This is the basic credo of Mad As Hell Doctors, in support of a single payer system: "Let's restart the effort and take Health Care legislation off the table until the Spring session of Congress. In the meantime, let's use HR 676 as a starting point for a new health care conversation and empower MAHD physician-citizens to seek out the best minds from America's vast resource of inspired health care professionals. We will then assemble these individuals into a working team that does not include anyone from the private Health Insurance Industry, the Pharmaceutical Industry, or anyone currently holding public office. Their assignment will be to craft a thoughtful, actionable single payer health care model, uniquely tailored for America, that the entire country can comprehend.
MAHD will then present this model to you, to Congress, to the Senate and to the entire country for their consideration. In the true spirit of competition, let all comers do the same: craft a plan, present it alongside the other plans and submit it to the American people for their review and approval.
Health Care is too important to rush. As physicians who have sworn an oath of care, we feel that health justice is the next great, social movement in America that will restore dignity and security to this generation and to generations yet to be.
Mr. President, we can begin immediately. "
Then, after that interview on http://www.kyrs.org/, Thin Air Radio, 92.3 FM, Low Power, I got to interview Peak Everything's Richard Heinberg, who will be in Spokane Sept. 17, at the WSU campus in town, to talk about his work on Post Carbon Cities.
Here's a piece from his organization discussing why the New York Times is just plain wrong to have editorials, full of mistakes, on denying Peak Oil -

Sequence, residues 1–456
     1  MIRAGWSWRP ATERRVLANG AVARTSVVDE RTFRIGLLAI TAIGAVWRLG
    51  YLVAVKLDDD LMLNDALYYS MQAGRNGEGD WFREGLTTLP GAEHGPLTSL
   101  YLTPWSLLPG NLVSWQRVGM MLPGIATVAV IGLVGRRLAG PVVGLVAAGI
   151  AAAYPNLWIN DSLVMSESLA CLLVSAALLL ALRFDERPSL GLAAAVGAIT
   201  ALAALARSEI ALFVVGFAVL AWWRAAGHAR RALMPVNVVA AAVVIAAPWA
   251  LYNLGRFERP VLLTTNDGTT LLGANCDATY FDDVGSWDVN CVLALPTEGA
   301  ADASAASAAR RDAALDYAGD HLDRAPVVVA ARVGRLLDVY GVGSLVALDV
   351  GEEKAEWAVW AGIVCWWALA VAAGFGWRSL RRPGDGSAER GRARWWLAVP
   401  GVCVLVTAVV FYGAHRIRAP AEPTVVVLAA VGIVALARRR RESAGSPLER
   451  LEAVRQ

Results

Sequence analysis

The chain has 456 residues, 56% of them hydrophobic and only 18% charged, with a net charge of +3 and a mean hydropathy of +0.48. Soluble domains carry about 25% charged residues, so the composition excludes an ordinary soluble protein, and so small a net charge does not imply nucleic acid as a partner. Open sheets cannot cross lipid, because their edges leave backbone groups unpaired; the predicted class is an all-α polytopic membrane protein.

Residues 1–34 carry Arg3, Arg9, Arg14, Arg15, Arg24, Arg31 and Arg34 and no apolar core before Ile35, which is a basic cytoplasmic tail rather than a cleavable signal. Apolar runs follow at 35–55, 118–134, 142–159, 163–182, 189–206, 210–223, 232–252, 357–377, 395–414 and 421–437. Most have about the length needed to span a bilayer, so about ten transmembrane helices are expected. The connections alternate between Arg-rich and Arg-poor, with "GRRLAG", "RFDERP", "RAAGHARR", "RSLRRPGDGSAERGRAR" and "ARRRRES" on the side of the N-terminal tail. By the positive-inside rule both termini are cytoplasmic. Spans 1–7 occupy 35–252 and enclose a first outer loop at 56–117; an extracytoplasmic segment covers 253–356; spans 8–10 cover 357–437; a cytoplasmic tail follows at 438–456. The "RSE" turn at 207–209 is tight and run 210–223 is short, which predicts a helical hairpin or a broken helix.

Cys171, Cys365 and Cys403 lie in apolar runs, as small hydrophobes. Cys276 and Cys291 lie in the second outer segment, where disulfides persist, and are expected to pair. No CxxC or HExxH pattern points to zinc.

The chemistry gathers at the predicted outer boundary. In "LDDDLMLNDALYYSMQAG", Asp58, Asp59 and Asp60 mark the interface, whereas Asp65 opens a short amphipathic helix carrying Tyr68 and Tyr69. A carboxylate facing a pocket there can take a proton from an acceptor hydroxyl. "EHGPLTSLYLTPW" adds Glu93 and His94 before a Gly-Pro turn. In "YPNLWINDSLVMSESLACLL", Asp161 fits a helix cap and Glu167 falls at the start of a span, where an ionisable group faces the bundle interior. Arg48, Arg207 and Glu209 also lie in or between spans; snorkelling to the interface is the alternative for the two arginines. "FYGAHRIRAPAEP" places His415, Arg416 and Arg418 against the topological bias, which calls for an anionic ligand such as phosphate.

Heinberg and I went toe-to-toe for an hour, looking at many issues tied to climate change and peak oil and the impending century of declines -- which the 21st Century is sure to be --
"The 20th century saw unprecedented growth in population, energy consumption and food production. As the population shifted from rural to urban, the impact of humans on the environment increased dramatically.
The 21st century ushered in an era of declines, in a number of crucial parameters:
Global oil, natural gas and coal extraction
Yearly grain harvests
Minerals and ores, such as copper and platinum
To adapt to this profoundly different world, we must begin now to make radical changes to our attitudes, behaviors and expectations. "
These two topics, health care and earth care, while on the surface are not related, are indeed interlocking, and in a world of declines, of peaking oil, of energy peaking, coal, even all the minerals and power to move us to a green power structure, all of those declines tie into the decline in health care, the decline of our mental health, decline in our ability to frame and associate disparate ideas and counter-intuitive ways of looking at things.
We'll look at Heinberg more closely, in future blogs, and we'll parse some things in his latest book --
Coal fuels about fifty percent of US electricity production and provides a quarter of the country's total energy. China and India's ferocious economic growth is based on coal-generated electricity.
Coal currently looks like a solution to many of our fast-growing energy problems. However, while coal advocates are urging full steam ahead, increasing reliance on the dirtiest of all fossil fuels has crucial implications for climate science, energy policy, the world economy, and geopolitics.
Drawbacks to a coal-based energy strategy include: Scarcity--new studies prove that the peak of usable coal production may actually be less than two decades away. Cost--the quality of produced coal is declining, while the expense of transport is rising, leading to spiraling costs and potential shortages. Climate impacts--our ability to deal with the historic challenge of climate change may hinge on reducing our coal consumption in future years.
Blackout goes to the heart of the tough energy questions that will dominate every sphere of public policy throughout the first half of this century, and it is a must-read for planners, educators, and anyone concerned about energy consumption, peak oil, and climate change.